Hello From the Other Side


Hello From the Other Side

I hope as you read that title, you heard Adele singing! While that song refers to a breakup, the “other side” I am going to be referring to is life as a parent of a teenager. While I know it was a long time ago, it seems that my teenage years were only yesterday. School, friends, and my high school boyfriend were the only cares I had during those years. And yet, I couldn’t wait to grow up and be an adult, mainly because that meant no curfew and that I could do whatever I wanted, which was going to be fun, right?

Oh, how naive teenagers are!

Although I only had those three cares in the world, the teenager years were still tough, as they are for anyone. Oh, the drama of being a teenager — how in the world could parents even understand what teenagers are going through, I would think to myself. 

Now being on the other side of things, I can safely say that I wish I could go back to my teenage years, because being a parent of a teenager, while rewarding, is tough. You think the grass is always greener on the other side until you get to the other side and there is nothing but stepping in mud, to put it nicely. Oh, if I only I knew then what I know now.

The Curfew

To the Teenager in Me: Oh, the curfew was almost like a death sentence as a teenager. How in the world could I have a curfew? Why couldn’t I just go out with my friends and stay until the fun was over? As a teenager, I felt like I was in prison when given a curfew, even though I had a great curfew, probably better than I deserved!

To the Parent in Me: I cannot sleep until I know my children are home and safe, until I hear the car pull in the driveway, and they are in their beds. Now that I am the parent, I know this curfew was more for them than me (although it was for me, too), as they just wanted to finally get some sleep!

We know there is really nothing good that happens after midnight. Even as adults this saying is true. Therefore, we need to know our children are home and not out in the world doing whatever. 

Wanting to Know Every Move

To the Teenager in Me: Can I not have any privacy!? Why do you need to know what I am doing, when I am doing it, and where it is all happening? I am 16-years-old! I am old enough to make my own decisions. Isn’t having a curfew bad enough?

To the Parent in Me: Oh, child. What little you know while you think you know so much. Now that I am on the other side of things, I realize why parents need to know all of that information. For starters, as a parent, we ask these questions to help keep teenagers accountable for being where they say they are and doing what they say they are going to do.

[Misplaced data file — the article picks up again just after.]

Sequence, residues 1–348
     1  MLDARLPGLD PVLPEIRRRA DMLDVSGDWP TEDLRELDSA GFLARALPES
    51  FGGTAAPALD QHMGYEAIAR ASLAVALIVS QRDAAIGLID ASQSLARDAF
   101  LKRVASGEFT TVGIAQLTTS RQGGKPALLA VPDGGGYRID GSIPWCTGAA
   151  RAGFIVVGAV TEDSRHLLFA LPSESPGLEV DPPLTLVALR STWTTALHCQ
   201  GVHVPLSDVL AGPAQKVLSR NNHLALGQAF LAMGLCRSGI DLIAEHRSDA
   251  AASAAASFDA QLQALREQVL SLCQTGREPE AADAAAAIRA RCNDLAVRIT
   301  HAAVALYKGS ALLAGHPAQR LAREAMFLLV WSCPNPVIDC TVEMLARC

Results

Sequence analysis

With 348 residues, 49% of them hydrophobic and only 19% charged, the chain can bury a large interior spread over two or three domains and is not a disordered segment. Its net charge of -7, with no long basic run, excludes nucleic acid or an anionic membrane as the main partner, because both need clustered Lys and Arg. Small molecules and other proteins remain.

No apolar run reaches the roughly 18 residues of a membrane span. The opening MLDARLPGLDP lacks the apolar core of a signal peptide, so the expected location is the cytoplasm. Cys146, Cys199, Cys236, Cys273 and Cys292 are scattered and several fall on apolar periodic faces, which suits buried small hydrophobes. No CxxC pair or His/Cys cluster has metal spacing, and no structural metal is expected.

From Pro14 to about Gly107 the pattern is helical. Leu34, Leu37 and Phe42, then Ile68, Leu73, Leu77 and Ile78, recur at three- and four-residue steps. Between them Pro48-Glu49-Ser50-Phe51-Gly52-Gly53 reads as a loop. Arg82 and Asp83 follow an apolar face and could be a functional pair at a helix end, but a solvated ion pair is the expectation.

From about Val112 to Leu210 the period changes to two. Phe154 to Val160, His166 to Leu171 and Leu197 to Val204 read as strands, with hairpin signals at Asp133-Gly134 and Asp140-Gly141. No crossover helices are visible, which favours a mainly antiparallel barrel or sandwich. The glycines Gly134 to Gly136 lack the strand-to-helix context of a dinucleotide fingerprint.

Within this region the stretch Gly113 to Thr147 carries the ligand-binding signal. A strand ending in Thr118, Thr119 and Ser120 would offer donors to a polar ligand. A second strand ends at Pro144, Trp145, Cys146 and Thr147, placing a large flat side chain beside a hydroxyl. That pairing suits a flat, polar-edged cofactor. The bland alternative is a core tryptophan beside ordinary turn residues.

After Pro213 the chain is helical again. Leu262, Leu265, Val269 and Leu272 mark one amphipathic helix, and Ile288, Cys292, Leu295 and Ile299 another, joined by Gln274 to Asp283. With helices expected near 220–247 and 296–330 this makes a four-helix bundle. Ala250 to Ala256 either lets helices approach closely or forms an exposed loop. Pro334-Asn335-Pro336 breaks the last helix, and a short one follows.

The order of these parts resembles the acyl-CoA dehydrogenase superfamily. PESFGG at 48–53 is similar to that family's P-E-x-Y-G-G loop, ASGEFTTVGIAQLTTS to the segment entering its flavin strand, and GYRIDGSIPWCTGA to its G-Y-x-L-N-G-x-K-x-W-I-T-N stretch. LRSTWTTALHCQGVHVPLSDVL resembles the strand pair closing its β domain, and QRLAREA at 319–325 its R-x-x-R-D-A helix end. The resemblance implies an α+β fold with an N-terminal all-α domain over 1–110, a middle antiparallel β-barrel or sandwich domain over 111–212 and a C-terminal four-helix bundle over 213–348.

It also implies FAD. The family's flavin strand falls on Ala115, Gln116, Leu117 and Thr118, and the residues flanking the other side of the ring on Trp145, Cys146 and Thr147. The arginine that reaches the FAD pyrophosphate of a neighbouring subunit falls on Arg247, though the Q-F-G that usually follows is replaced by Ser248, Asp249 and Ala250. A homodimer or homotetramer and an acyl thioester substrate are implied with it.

In addition, it helps give us a running start on that paper trail of yours in case you end up late for curfew and we need to start calling and/or driving to where you are. Plus, if the location ends up on the news, we need to know that we need to hurry up and find you.

The Pushing and Nagging

To the Teenager in Me: The never-ending pushing and nagging (or, what I called it) my parents would do when it came to school and other activities. Am I doing my best? Am I trying my hardest? Any time I wanted to just be average, they would start with the pushing and the nagging, and I would wonder why. It is okay to be average, I would think, especially when I wouldn’t want to put more effort into something like a school project or when I’d settle for a B rather than an A on a test.

To the Parent in Me: Here I am, on the other side, doing the pushing and the nagging. Why did you get a B or C when I know you can get straight As? Why are you not taking a few advanced classes in high school to get ahead?

Our parents pushed us for the same reason we are pushing now: because we want better for our children, because we want them to reach their potential, because we want them to have everything they want in life, and to do that, they need to know how to work hard and never give up!

I know we all have to go through various seasons of our life in order to grow and become who we are going to be in life. But what I wouldn’t give to go back to my teenage years and do a few things differently! I would have been a better, more behaved, less attitude teenager! What about you?

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Elizabeth Deal
Hello, Beautiful's! My name is Elizabeth (Stinchfield) Deal, or as I like to call myself, “A Beautiful Disaster.” I am a daughter, sister, wife, mother of three amazing children (two beautiful daughters and a 5-year-old son), friend, writer, forgetter, cryer, go-getter, prayer warrior, Starbucks lover, LuLaRoe buyer, etc. After going through an extremely hard divorce (Aren’t they all?), I really thought it would be me and Gracie Lou (my 7-year-old Westie) forever. However, after being told by my bestie that I was no longer in charge of my love life, she was—I met my husband, fell in love, and my life has been a crazy, unbelievably beautiful ride ever since! And, I wouldn’t have it any other way!